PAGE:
In this issue of the Journal, Ibrahim et al. (5) report the results of a prospective study examining the association between IPC and the risk for subsequent major adverse cardiovascular events (MACE), defined as a composite of death, myocardial infarction, unplanned revascularization, or recurrent angina, in 93 adults with coronary artery disease (CAD) receiving oral antiplatelet therapy (5). The 30 patients who experienced MACE during the median follow-up of 31 months had a significantly greater mean baseline IPC value than did the 59 who did not experience MACE (10,507 vs. 6,322 platelets/μl; p = 0.002). Moreover, 60% of patients in the upper tertile of IPC experienced MACE compared with 24.1% in the intermediate tertile and 16.7% in the lower tertile (p < 0.001). Time-dependent receiver operating characteristic curve analysis demonstrated that a cut point of 7,632 platelets/μl was 70.7% sensitive and 82.1% specific for MACE, and the Cox proportional hazards analysis demonstrated that after adjustment for potential confounding variables, IPC >7,632 platelets/μl remained associated with a >4-fold increased risk for MACE (hazard ratio: 4.65; 95% confidence interval: 1.78 to 12.16; p < 0.002).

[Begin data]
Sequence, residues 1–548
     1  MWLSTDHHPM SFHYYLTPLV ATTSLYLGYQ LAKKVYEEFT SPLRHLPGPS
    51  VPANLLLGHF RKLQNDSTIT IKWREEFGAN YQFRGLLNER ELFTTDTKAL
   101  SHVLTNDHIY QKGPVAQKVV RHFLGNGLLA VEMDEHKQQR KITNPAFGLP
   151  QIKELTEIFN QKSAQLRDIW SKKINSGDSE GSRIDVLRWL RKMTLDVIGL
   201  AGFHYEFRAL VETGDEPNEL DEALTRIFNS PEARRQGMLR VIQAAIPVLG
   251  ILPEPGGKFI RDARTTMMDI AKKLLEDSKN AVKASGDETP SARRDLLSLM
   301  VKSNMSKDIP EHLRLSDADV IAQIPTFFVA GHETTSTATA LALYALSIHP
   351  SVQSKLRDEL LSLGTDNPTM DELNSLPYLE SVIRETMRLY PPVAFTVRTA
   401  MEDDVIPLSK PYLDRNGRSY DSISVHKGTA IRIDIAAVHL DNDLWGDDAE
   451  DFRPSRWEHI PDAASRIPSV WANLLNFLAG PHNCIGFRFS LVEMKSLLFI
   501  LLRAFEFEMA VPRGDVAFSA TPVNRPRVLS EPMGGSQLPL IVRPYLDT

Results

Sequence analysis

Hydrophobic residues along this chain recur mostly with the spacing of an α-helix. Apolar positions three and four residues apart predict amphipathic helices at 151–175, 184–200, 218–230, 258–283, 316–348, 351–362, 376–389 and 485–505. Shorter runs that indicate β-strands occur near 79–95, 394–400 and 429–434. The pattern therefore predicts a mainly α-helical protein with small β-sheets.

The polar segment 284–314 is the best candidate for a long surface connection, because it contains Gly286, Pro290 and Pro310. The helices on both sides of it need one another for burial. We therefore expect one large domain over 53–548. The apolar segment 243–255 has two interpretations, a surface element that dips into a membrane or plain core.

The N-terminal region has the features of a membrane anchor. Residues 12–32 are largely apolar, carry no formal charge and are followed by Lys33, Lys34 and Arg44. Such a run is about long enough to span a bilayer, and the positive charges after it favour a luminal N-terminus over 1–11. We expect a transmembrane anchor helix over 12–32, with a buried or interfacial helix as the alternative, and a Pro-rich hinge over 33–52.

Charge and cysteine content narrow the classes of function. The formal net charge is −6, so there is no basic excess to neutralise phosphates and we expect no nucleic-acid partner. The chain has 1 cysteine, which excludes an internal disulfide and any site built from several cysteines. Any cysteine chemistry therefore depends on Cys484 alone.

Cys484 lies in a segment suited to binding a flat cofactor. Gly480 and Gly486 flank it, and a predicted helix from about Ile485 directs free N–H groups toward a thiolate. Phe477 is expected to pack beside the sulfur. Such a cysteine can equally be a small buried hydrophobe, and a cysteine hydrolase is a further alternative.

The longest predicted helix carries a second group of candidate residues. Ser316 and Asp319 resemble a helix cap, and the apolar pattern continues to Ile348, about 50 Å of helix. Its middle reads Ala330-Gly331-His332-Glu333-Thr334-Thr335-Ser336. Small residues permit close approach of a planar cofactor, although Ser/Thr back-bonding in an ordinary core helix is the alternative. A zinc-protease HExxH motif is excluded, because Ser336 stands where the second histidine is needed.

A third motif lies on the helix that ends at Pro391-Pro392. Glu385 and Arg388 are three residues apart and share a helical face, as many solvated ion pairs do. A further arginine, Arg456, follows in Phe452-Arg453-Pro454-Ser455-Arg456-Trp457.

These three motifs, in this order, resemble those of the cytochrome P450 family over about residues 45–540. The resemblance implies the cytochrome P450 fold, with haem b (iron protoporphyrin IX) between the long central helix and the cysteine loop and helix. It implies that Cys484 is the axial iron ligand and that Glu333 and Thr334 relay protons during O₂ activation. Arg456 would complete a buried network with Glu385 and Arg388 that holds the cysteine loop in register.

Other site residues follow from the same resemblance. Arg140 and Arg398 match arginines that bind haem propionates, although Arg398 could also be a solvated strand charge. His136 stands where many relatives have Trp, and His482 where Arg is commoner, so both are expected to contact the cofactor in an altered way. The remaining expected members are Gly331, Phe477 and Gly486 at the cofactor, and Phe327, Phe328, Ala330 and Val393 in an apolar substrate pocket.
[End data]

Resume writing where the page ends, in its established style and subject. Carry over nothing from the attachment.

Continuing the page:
Why might a higher IPC be associated with greater risk for MACE in patients with CAD receiving antiplatelet therapy? Several possible explanations should be considered (Figure 1). First, immature platelets are larger and enzymatically and metabolically more active, and have a higher thrombotic potential than smaller platelets (6). Consistent with this conclusion, greater mean platelet volume has been linked with the future risk for cardiovascular events in healthy subjects, in patients with cardiovascular risk factors, and in those with a history of myocardial infarction (7).